Nobody expected Gary Johnson to win this election, including Johnson himself. The Libertarian candidate always had a national average of support below 10 percent, according to RealClearPolitics, a number much too low to give him a legitimate chance. In the days preceding election night, FiveThirtyEight's election forecast predicted Gary Johnson would win less than 5 percent of the popular vote; his highest point was July 17, when his percentage went up to 9.2. Regardless of his chances never having been plausible, it's interesting to see how many votes he managed to garner in the end. According to Wednesday morning results with 97 percent of areas reporting, he finished the race with just over 4 million votes, or 3 percent of the popular vote.
Throughout the election, Johnson and Green Party nominee Jill Stein, the other notable third party candidate running — who finished with just over one million votes — were primarily discussed in three contexts. First, in conversations about whether or not the two-party system is not effective; second, in talks characterizing them as last-ditch options for Americans too disenchanted to vote for Donald Trump or Hillary Clinton; third, in analyses trying to calculate how much their numbers were cutting into Trump's and Clinton's.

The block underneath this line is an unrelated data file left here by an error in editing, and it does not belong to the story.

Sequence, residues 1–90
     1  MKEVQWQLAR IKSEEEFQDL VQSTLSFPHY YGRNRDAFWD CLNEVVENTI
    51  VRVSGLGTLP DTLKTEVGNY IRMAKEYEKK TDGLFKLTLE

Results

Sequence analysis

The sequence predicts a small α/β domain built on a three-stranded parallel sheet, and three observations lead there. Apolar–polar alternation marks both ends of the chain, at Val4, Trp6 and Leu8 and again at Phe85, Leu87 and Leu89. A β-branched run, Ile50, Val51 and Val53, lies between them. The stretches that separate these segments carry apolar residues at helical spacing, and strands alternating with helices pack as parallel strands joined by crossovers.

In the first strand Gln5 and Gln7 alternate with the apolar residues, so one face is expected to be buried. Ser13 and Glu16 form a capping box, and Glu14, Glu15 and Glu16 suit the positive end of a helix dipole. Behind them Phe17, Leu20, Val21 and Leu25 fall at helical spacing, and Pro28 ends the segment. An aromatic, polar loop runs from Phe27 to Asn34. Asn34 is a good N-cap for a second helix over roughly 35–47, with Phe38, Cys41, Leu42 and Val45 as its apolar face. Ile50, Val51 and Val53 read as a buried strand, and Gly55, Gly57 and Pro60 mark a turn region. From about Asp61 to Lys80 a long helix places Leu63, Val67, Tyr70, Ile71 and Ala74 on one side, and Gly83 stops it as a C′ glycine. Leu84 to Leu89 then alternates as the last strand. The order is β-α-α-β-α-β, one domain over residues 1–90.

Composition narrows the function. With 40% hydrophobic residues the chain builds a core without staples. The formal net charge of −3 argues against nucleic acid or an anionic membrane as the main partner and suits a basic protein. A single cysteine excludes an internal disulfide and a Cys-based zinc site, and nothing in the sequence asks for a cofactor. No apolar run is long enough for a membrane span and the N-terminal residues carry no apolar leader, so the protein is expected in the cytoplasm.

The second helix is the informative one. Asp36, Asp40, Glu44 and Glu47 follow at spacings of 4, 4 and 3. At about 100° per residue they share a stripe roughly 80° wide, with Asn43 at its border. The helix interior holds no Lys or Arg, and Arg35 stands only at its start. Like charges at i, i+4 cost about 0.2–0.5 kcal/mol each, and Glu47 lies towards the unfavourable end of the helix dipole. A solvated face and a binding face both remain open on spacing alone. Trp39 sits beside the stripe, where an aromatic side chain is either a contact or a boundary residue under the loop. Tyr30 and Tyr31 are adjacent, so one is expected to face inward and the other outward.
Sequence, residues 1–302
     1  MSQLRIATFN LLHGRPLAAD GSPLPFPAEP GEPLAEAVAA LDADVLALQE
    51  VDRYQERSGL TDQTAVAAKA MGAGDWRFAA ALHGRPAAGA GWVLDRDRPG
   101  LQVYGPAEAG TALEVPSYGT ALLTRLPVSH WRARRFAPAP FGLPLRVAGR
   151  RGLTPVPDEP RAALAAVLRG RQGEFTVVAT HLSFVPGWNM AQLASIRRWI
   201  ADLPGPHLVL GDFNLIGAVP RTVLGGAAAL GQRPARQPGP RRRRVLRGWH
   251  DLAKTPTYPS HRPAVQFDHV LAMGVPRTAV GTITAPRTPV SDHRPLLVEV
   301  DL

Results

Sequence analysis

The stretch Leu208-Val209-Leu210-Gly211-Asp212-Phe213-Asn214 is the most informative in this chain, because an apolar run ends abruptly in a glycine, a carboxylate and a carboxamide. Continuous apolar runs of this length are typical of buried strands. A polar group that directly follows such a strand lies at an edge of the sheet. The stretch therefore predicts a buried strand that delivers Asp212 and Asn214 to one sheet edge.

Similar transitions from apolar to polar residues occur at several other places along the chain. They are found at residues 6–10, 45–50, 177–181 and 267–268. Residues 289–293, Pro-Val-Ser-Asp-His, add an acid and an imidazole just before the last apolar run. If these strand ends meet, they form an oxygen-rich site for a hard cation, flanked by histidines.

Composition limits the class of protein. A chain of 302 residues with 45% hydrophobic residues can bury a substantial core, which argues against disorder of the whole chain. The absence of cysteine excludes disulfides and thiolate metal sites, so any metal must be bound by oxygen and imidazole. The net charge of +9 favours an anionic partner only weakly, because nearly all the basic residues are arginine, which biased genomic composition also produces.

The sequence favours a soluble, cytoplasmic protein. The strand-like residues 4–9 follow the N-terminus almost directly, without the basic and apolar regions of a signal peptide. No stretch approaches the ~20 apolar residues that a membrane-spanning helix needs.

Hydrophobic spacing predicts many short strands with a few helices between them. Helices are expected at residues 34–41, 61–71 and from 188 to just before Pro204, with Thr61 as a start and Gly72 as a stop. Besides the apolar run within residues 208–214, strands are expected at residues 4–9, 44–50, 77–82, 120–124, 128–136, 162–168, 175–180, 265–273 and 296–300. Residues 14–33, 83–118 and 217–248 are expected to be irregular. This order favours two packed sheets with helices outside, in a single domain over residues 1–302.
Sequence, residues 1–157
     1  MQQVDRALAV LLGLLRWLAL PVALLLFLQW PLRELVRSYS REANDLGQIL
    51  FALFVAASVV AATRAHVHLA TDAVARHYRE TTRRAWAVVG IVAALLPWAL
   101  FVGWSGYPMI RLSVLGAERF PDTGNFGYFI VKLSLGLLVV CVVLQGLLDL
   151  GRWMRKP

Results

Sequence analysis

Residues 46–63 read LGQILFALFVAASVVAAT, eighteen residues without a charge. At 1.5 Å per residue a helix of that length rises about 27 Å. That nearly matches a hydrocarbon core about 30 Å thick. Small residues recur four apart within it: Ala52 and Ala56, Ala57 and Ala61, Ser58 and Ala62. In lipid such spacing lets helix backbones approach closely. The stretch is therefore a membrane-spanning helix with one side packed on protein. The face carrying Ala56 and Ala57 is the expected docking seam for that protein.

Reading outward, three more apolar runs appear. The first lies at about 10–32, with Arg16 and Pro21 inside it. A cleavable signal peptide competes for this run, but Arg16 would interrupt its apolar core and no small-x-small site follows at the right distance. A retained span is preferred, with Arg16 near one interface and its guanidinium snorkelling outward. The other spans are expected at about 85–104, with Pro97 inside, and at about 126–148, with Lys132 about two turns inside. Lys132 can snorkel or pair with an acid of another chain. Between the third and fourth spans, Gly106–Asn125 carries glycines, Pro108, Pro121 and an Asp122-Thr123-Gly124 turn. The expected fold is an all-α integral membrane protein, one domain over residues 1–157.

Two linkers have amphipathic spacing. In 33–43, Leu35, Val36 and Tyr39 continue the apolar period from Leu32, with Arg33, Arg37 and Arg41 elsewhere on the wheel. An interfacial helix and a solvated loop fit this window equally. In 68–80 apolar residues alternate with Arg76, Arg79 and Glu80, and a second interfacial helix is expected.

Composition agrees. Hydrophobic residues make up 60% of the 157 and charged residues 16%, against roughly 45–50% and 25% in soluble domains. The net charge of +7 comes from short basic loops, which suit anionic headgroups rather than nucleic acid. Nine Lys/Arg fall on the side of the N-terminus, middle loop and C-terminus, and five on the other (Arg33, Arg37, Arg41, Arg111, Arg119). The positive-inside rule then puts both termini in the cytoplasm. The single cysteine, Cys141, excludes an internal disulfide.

Johnson occasionally garnered some additional attention, mostly negative, for gaffes like not being able to name a single world leader, not knowing what Aleppo is, and not knowing who Harriet Tubman was. During debate season, there was also a fair amount of discussion in the media and on social networks regarding whether the voter threshold third party candidates must meet in order to participate is too high — Johnson's campaign website had a petition asking for the opportunity to take part.
One of Johnson's best polling results was a survey published by the Pew Research Center in August. The poll had his popular support at 10 percent nationwide. The most interesting part of the data had to do with his voter demographics, however. His support was more evenly split among genders than it was within Clinton and Trump's bases: Johnson's base was 51 percent female, 49 percent male; Clinton's supporters were 61 percent female, 39 percent male; Trump's voters were 42 percent female, 58 percent male.
His numbers also seemed to indicate an easier time courting young people than his opponents, with 39 percent of his voters being under 30, and 71 percent being under 50. When it came to racial diversity, the majority (79 percent) of Johnson's electorate was white.